The Ottawa Police Service estimates keeping the capital secure during celebrations for Canada's 150th birthday next year will cost $1.5 million.

Ottawa police hope to recoup those 2017 costs with revenue from hiring out off-duty officers and funding from other levels of government, but not from taxes, said Chief Charles Bordeleau.

Officers earn "paid duty" when they're hired by outside organizations such as festivals or construction companies to oversee traffic or security at public events or construction sites. The organizations also pay the police service for the use of its officers.

'2017 will be a different type of pressure.' - Chief Charles Bordeleau

"We've got 10 fairly significant events that are being planned. So we're doing the assessment as far as what's the resource requirement, what's the threat assessment around those," he said.

"I don't think you'll see the same level of activity from a paid duty perspective that we're seeing this year, because there's a lot of construction this year, a lot of demands. So, 2017 will be a different type of pressure," said Bordeleau.

According to a financial status report earlier this year, Ottawa police were anticipating more than $1 million in revenue from paid duty in 2016.

Open-door meeting

The estimate for policing 2017 events came at a public session of the Ottawa police finance and audit committee. 

Until recently, police standing committees had been meeting behind closed doors, as CBC reported earlier this year.

Although the draft police budget will not be tabled until Nov. 9, Ottawa police estimate their total spending on operations will be $319 million in 2017, with 81 per cent of that taken going to compensation.

Councillors Egli, Blais, Brockington, Deans, Nussbaum at police committee

Ottawa city councillors including Keith Egli (standing, left), Stephen Blais (standing, right), Riley Brockington (seated, centre), Diane Deans (seated, right) and Tobi Nussbaum (seated, rear) attended Wednesday's meeting. (CBC)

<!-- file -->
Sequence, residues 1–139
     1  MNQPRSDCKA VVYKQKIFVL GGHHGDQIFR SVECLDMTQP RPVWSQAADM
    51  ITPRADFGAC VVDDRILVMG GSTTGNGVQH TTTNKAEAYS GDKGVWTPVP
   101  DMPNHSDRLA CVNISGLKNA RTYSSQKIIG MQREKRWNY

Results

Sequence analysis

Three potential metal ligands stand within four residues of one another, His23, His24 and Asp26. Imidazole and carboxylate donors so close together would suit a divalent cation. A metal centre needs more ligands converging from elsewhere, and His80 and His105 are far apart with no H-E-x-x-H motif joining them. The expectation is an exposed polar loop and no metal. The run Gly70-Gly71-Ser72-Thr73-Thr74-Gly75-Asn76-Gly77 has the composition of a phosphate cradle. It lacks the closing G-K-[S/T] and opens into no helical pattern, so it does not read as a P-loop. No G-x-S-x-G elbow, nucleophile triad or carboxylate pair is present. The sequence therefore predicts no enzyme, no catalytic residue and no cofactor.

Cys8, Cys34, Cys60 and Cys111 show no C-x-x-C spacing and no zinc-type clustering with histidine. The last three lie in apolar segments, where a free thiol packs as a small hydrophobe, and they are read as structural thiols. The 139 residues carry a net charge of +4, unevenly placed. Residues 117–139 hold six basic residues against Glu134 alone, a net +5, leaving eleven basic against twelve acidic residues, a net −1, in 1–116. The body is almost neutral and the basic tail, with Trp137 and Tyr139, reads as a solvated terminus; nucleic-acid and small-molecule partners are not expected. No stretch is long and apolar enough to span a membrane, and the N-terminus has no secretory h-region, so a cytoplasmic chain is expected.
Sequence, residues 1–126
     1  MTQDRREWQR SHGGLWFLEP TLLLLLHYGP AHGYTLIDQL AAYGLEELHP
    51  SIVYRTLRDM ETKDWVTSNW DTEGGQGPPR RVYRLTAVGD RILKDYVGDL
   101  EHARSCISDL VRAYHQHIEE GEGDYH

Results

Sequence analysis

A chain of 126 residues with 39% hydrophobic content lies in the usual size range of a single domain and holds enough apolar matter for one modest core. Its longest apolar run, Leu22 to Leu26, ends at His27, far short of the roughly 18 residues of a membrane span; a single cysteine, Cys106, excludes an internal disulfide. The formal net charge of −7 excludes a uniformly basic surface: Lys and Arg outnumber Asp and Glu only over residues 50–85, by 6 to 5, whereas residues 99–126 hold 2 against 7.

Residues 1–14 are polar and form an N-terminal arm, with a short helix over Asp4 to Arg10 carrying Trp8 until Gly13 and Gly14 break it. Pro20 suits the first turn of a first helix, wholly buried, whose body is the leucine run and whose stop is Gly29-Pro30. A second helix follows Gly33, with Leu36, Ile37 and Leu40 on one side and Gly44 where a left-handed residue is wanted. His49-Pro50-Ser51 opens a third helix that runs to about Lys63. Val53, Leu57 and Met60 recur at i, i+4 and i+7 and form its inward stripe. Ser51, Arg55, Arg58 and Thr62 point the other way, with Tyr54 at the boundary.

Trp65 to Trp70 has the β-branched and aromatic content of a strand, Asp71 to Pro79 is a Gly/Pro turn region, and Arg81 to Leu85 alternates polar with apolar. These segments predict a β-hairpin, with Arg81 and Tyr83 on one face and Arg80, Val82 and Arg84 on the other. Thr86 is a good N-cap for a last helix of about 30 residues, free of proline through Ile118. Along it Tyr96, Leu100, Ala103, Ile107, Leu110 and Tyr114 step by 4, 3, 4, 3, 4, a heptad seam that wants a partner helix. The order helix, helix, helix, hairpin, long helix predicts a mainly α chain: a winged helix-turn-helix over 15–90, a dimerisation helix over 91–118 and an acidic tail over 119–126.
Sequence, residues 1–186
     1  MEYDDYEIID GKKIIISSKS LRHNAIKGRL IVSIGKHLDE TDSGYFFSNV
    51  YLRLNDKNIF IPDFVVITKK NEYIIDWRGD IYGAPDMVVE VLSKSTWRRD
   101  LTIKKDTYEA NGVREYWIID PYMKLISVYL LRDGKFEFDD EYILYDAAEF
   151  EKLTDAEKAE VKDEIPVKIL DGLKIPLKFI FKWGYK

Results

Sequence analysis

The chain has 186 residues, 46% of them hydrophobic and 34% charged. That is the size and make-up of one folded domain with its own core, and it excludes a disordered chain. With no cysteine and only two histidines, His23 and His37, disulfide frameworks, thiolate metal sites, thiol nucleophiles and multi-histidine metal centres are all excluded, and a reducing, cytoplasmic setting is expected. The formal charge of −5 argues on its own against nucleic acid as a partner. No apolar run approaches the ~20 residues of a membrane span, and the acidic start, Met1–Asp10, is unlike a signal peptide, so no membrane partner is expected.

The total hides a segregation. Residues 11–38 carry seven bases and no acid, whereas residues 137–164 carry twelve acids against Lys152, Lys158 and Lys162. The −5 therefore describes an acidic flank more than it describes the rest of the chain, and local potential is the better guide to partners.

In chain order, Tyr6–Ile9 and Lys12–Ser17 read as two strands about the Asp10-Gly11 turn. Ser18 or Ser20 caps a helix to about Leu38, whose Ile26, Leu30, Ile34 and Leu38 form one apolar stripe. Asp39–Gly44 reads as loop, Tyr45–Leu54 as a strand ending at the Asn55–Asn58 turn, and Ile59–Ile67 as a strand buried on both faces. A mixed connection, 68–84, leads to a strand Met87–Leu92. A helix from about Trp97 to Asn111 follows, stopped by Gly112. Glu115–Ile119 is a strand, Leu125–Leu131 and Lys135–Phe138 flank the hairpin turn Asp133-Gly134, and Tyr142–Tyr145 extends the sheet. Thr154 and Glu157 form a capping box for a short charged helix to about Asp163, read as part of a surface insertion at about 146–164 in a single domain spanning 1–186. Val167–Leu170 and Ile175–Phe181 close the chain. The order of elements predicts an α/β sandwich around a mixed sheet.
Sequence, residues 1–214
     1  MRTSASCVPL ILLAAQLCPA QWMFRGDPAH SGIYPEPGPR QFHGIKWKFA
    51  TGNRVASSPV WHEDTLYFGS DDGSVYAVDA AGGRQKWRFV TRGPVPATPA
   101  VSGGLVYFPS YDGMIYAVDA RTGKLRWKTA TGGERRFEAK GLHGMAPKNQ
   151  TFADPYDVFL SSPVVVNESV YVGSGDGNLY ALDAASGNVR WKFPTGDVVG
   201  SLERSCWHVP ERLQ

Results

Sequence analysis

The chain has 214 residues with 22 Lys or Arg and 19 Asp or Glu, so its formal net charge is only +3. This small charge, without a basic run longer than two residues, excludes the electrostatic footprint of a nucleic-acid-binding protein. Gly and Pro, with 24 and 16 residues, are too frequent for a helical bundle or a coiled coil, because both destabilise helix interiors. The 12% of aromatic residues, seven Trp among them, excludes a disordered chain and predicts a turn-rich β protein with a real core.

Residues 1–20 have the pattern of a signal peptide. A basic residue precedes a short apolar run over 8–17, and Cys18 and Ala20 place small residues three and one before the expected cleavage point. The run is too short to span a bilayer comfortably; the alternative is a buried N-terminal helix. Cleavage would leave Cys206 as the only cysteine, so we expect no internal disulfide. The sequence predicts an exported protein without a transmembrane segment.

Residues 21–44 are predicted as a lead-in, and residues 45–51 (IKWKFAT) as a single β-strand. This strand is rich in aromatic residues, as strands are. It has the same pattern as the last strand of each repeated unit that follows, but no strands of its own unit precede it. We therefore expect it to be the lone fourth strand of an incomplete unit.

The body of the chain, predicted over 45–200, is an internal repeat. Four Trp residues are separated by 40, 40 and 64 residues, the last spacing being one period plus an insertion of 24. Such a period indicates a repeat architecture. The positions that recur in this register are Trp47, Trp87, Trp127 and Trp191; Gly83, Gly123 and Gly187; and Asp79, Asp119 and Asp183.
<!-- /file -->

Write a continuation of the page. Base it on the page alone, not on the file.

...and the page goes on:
The police service plans to hire 25 new officers next year at a cost of $2.1 million, which would bring the number of sworn officers to 1,379. The number of civilian positions would remain at 604.

But the force will need to make some choices if it's going to stay within a budget that's limited by a 2 per cent tax increase, or an additional $8.9 million.

Force plans to rein in overtime in 2017

Debra Frazer, director general of the Ottawa Police Service, said police are overspending on overtime in 2016 because of the city's many shootings, as well as the gathering of Hells Angels in Carlsbad Springs over the summer.

The force plans to keep overtime under $3 million and limit new projects in 2017, said Frazer.

At a meeting of Ottawa council meeting earlier Wednesday, Coun. Riley Brockington asked for the chief to appear in the coming weeks to allow councillors to ask questions about police priorities and spending ahead of budget day.

Six councillors took advantage of Wednesday's open committee meeting to ask questions about police spending.

"That's great. That's a good start," said Brockington, as he left the meeting. "I'm certainly very interested in the details of how the police put their budget together."